One can never be too safe but one can always be very sorry. Now that our little grandson has mastered the art of crawling, I find that toys have lost their allure. What can be more exciting than coloured plastic that either squeaks, squawks or wiggles? He would much rather spend hours turning over slippers he finds in his way, bang away at pots, fling his own plastic tableware and observe the grownups going about their own business.
Much like Dr. Livingstone and those other great explorers before him, he has discovered the joys of finding out things for himself. How he enjoys crawling about the house – rooms that were not known to him, rooms that he just about saw in passing, all these became opportunities for great discoveries.
Ascent of Mount Green Chair
And what a joy it is to see the little fellow crawl about! Our green arm chair has become his Mount Everest and he starts off with his first step at the Base Camp which is the footstool for his great grand mother. Once he scrambles past First Base, he puts his leg up and hauls himself to the plateau which is the seat of the chair. By this time his devoted Sherpa (yours truly or any other adult supervising him) goes behind the chair and gives him a leg up. Within three steps, he has climbed to the summit and he triumphantly starts clapping, egging on the audience to acknowledge their appreciation of his victorious ascent.
Another of his regular routines is to carry out a rigorous inspection of my laundry room and my kitchen. While I don’t encourage either visit for fear of him putting his hand in the wrong place, I also don’t want to dampen his enthusiasm for discovery by constantly saying no. So I have devised a way of channeling his curiosity – I allow him to push the clothes into the drum of my front loading machine. Likewise I allow him to pull them out and “help” me put them out to dry on the wash line. While hanging out the clothes he loves making the clothes pegs spin and equally loves flinging the wet clothes into my hands.
Similarly I’ve found out that he hates the wooden gate I’ve kept as a barrier to the kitchen but would rather watch me cutting vegetables in my own domain. So he crawls in at super fast speed, his little butt actually swaggering as he moves ahead to take a look at the pots and pans. Sometimes he manages to pull himself up to pot level and bang away on his newly found drums. At other times he gets distracted by the magnets on my refrigerator and can spend a few frustrating moments trying to pry them off the door. But once his interest wanes, he goes on to more exciting things like bottles of sauce etc. That’s when I really have to take him out of the kitchen because very soon what starts off as an experiment can turn into a disaster.
A fine line
So essentially it is a fine line between assuaging one’s curiosity and courting disaster and there are several ways of preventing mishaps: there are corner covers to protect little heads from sharp corners, there are safety nets or barriers to prevent little ones from falling over, or entering spaces they shouldn’t be entering, door stoppers to prevent doors from banging, plugs to prevent little fingers from prying into electrical sockets and of course the best insurance of all – the permanent shadow or companion who literally follows the child’s every step. I personally am against this last resort mainly because there is the fear of making the child dependent on a personal attendant. But despite taking every measure to make the house child friendly (removing all glass or breakable stuff, putting away sharp edged tables, disconnecting the easy-to-reach electric sockets, not allowing him inside the kitchen while the fire is burning), I still found there were times when I had to leave a task unfinished or in a rush, with the fear that he would wake up from his sleep and fall down the bed. Or I would worry that one day he might just fall over and hurt himself just as I was putting away a hanky in a drawer.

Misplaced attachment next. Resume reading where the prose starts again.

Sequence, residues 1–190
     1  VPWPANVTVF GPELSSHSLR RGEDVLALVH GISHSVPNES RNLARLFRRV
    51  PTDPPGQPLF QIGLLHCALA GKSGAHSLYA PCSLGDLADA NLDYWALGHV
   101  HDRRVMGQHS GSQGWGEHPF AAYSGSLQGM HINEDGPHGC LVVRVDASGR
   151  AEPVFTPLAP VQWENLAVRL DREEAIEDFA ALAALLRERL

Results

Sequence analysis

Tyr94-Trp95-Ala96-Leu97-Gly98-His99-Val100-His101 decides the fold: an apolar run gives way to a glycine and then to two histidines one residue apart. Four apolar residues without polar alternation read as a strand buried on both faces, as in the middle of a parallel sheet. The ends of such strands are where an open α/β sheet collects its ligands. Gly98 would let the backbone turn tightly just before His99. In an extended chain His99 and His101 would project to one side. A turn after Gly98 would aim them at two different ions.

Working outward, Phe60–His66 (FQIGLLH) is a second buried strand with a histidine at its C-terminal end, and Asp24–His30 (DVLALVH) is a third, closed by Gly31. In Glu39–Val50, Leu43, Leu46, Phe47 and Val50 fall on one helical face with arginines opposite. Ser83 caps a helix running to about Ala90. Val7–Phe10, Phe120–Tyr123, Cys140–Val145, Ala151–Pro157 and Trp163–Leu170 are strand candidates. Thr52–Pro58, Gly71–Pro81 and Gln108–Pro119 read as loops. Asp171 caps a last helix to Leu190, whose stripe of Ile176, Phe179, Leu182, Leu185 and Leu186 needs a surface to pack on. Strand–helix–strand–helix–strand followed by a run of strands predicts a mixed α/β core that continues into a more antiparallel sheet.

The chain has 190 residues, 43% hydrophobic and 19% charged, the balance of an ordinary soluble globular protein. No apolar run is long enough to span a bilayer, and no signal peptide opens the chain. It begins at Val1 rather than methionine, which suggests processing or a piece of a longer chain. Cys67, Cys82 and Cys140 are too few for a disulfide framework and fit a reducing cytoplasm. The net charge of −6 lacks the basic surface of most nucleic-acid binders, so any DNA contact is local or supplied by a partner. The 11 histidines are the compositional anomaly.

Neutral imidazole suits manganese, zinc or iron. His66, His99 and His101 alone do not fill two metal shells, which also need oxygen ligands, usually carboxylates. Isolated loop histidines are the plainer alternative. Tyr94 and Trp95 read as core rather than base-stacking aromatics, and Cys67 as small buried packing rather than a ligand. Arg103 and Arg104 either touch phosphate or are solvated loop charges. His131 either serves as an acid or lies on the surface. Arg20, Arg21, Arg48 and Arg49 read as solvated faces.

So last week I bought what I thought was my best buy ever, a play pen. When I first had a look at it I was disappointed and quite shocked at the size – it looked too much like a cage and my little lion was no animal in a zoo! But when I thought of how easy it was for him to quickly put his finger in a plug that has not been disconnected or pull at an electric wire, or put a pin dropped inadvertently or frankly anything that had missed my eye, I felt that this was really the best option. At least for those few minutes that you know you can’t give him your undivided attention or when he takes his afternoon nap.
We tend to forget that children have boundless energy, superior eyesight, quick to swallow reflexes and a curiosity that is limitless. With each new day they want to discover more and more of this wonderful world and we should definitely encourage them. But we must ensure that they are in a safe environment and I would strongly recommend a play pen because it is quite difficult to make your entire house child friendly. I found this a great way for me to recover some of my own time and also ensure that the little one is in a safe and clean environment that is entirely his space. While there are several options available I’ve got a Chicco Open Sea which is cheaper at Flipkart than in the shop… But there are various options in the market to suit every requirement and every budget.
As a mother of two thirty-year old daughters and a grandmother of a nineteen week old grandson, Sunita Rajwade has been there and done that. A hands on mom, she has seen two girls grow successfully through baby hood, toddler hood, adolescence and adult hood; solving their maths problems and contributing to their angst of growing up with a mom “who doesn’t understand”. But now as a grandmother, she’s being appreciated for her “wisdom” and “understanding” and would like to share my experiences of this wonderful journey from motherhood to grandmotherhood